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Five Things to Know About the Bugaboos

A series of climbing 101’s about the history, people, routes and gear that shaped the sport

There are some amazing alpine climbing areas in Canada, but the Bugaboos might take the cake for being the most accessible with the best rock. They’re located in the Purcells in eastern B.C., about 300 kilometres from Calgary.

For over 100 years, climbers have been pushing climbing standards in the Bugaboos and thousands of climbers visit every year. The main spires are Bugaboo, Pigeon, the Howsers, Snowpatch and Crescent.

Below are five things to know about the Bugaboos.

The Name

The peaks weren’t originally called the Bugaboos, rather they were referred to as the Nunataks. The Bugaboo spires were first noted on a surveying expedition in the late 1800s.

In 1885, the first Europeans visited the area in hopes of finding gold. They prospected the area, but only found galena and pyrite. The name “Bugaboo” originated from this rush; the term was used by prospectors for a “dead-end.”

The Howser Towers in the Bugaboos

Conrad Kain

If you’ve ever visited the Bugaboos, then you’ve likely heard of Conrad Kain. The renowned European climber and guide climbed countless new routes in Canada during the early 20th century.

In 1910, an expedition led by Thomas Longstaff and surveyor Arthur Oliver Wheeler, which was guided by Kain, visited the area. Kain returned six years later and made the first ascent of the Kain Route on Bugaboo Spire.

Along with Albert and Bess McCarthy and others, Kain also made first ascents on North Howser, Marmolata and Crescent Spires. See here for three Kain routes you have to climb.

Conrad Kain on the first ascent of Bugaboo Spire in 1916. Photo Alberta MacCarthy

Climbing Booms

In the early 1950s, loggers in the area built a road that weaved up a slope to within a casual walking distance from the Bugaboo spires. More climbers started to visit by the late 1950s.

In the early 1960s, American legends Fred Beckey and Yvon Chouinard made the first ascent of The Beckey/Chouinard on the South Howser. Beckey spotted the route the previous year and had tried it with a different partner.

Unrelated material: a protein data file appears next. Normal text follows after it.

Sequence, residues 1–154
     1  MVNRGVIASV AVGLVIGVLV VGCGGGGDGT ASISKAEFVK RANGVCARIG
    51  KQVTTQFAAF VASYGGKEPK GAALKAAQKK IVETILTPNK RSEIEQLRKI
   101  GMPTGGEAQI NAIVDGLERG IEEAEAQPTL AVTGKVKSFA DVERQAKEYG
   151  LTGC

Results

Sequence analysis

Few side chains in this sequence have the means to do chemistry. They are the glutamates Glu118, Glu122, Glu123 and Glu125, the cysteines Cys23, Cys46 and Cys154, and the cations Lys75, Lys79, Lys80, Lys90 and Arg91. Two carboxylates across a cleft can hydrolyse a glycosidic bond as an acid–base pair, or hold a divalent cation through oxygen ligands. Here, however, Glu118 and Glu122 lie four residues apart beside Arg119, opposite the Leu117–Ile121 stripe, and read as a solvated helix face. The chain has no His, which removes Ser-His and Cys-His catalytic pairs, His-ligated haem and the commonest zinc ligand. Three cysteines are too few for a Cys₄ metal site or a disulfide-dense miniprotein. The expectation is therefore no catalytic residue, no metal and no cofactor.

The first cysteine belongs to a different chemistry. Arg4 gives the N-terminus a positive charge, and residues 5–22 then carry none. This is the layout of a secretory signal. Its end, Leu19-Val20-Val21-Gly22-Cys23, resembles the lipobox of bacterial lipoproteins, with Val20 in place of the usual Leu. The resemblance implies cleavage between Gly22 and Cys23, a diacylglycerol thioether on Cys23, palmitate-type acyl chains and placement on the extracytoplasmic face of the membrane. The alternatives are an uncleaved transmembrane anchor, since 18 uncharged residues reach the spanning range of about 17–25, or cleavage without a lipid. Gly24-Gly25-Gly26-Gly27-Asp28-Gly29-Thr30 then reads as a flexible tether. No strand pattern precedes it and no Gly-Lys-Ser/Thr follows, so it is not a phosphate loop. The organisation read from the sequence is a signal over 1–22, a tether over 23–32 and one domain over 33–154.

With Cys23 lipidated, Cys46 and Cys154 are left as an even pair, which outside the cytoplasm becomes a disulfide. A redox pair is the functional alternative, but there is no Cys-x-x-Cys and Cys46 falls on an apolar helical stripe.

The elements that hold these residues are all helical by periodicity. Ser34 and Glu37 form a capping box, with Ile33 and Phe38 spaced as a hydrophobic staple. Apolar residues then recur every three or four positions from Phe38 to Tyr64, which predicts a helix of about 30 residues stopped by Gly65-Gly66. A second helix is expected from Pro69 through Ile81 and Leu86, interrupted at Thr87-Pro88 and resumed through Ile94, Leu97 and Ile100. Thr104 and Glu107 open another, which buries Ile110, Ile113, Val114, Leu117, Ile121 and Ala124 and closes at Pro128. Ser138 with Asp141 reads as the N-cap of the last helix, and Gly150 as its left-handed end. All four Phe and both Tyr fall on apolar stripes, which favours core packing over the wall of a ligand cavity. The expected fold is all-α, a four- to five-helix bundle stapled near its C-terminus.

The boom of recreation in the area led the B.C. government to establish Bugaboo Glacier Provincial Park and the Bugaboo Alpine Recreation Area in 1969. The Alpine Club of Canada then constructed a large hut in 1972 to reduce environmental damage to the fragile alpine meadows below the spires. It’s called the Kain Hut. Since then, hundreds of new routes have been climbed from 5.4 to 5.14.

Ines Papert on The Beckey/Chouinard Photo Jon Walsh

Matt Maddaloni

In 2007, Canadian Matt Maddaloni completed the biggest link-up (at the time) in the Bugaboos: five multi-pitch routes to five different summits, all free and all solo. Peter Croft had previously linked the four hardest of these routes (all except Pigeon Spire) in about 14 hours.

Leaving the Applebee Campground at 4:30 a.m., Maddaloni onsighted the McTech Arête III 5.10a by headlamp then climbed the classic Northeast Ridge IV 5.7 of Bugaboo. After descending the Kain Route, he went across the glacier and then climbed up and down Pigeon Spire’s West Ridge II 5.4.

By mid-morning, he was at the base of The Beckey/Chouinard Route V 5.10a and then rappelled the Northeast Face. At 5 p.m., he started up The Kraus/McCarthy Route IV 5.8+ on the West Face of Snowpatch Spire. Rapping off the tower at dusk, he was back at the campground by 8 p.m., 15-and-a-half hours after starting and 50 pitches later.

Matt Maddaloni free-soloing in the Bugaboos

Tom Egan Memorial Route

One of the hardest alpine climbs in North America is the Tom Egan Memorial Route. Daryl Hatten and John Simpson made the first ascent of the 13-pitch line in 1978 and named it after a friend of Hatten’s who had died that same year in a small-plane crash.

Stanhope and American Will Segal worked on the climb over four summers, putting in more than 100 days. Because the start of the headwall crack on the Tom Egan was too thin to climb, they had to figure out a bolt-protected face climbing variation leading from an adjacent route, Sweet Sylvia, over to the Tom Egan.

During their final push, Stanhope redpointed all of the pitches but Segal was unable to complete the crux face traverse. Since 2016, many top climbers have attempted it but no one can piece it together. It goes at 5.14-, but some have suggested it might be harder.